Takengon Highlands, Aceh Province, Indonesia
Coffee, though not native to the islands of Indonesia, was brought by Dutch settlers of the 17th century. Reliable rainfall, the cool temperatures of the highlands, and the fertile volcanic soils have enabled the country to become the third-largest coffee producer in the world, exporting 9.7 million bags in 2014.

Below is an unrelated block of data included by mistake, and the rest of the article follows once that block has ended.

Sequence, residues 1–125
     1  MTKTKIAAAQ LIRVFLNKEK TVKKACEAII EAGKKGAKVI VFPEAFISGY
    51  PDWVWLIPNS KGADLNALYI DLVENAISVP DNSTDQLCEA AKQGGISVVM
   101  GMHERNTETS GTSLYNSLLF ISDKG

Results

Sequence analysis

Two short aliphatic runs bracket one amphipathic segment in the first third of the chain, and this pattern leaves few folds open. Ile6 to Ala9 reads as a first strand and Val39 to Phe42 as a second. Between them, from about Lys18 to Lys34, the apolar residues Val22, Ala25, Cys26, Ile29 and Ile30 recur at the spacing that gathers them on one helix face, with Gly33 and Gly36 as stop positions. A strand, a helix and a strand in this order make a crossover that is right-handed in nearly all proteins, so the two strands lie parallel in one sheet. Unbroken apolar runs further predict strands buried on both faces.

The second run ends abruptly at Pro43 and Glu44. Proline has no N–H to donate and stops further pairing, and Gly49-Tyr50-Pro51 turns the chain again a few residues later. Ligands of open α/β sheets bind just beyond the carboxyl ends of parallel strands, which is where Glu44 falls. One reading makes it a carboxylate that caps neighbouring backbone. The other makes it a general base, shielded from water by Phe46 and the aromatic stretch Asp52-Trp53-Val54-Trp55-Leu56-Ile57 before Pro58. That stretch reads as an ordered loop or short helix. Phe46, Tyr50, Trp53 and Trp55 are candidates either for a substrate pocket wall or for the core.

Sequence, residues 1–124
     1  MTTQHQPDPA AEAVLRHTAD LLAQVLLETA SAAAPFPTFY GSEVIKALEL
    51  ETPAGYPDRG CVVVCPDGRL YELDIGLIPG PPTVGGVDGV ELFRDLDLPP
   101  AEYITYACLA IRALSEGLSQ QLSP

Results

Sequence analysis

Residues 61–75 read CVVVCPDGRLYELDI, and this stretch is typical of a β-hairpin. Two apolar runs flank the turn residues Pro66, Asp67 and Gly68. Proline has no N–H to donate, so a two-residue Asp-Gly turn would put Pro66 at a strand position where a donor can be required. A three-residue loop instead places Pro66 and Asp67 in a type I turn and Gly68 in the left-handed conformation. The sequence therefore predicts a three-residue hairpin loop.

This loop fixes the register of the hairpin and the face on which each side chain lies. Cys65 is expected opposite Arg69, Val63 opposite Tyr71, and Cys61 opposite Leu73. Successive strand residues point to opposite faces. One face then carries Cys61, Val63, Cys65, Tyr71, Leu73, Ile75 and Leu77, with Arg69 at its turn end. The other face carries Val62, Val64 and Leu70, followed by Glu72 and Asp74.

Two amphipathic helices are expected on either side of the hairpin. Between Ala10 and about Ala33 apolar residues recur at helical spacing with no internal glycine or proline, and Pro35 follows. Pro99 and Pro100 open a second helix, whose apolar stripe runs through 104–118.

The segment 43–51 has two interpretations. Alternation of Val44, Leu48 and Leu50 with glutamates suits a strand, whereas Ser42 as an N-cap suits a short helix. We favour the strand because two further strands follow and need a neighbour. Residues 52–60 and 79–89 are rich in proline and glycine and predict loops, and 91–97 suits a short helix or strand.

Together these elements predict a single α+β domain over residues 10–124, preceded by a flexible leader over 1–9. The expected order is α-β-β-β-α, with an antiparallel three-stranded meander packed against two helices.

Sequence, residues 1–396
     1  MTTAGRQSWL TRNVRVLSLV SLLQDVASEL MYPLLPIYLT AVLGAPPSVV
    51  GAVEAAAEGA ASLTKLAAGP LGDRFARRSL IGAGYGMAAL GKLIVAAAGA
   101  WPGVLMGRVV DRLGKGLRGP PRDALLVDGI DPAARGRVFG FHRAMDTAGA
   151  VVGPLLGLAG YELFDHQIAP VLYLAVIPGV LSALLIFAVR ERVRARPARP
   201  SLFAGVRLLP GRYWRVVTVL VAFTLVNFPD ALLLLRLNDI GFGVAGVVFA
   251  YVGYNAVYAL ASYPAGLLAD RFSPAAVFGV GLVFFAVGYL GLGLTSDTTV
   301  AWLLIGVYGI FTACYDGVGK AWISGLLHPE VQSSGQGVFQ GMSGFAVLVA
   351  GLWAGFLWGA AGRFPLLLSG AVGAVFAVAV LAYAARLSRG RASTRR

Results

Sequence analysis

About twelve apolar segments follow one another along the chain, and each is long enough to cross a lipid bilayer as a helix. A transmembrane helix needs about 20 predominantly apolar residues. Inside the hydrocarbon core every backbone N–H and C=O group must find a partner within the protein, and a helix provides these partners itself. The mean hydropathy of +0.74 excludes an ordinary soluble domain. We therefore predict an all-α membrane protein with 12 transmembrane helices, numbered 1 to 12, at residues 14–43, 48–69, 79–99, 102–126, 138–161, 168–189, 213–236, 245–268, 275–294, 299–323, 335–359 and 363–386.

Making Sumatran coffees available to the specialty coffee world has been not without recent struggle. Civil war raged from the late 1990’s to 2004, forcing many coffee farmers to abandon their coffee gardens. Only after the December 2004 earthquake (measuring 9.1 on the Richter scale) and the resulting tsunami which inflicted severe damage and hardship in the country did the powers that be sign a peace accord, and farmers—or their widows—could return to grow coffee on their little farms. Innovation in coffee processing and traceability is slowly happening in Sumatra and will improve the lives of all who count on coffee for their primary income.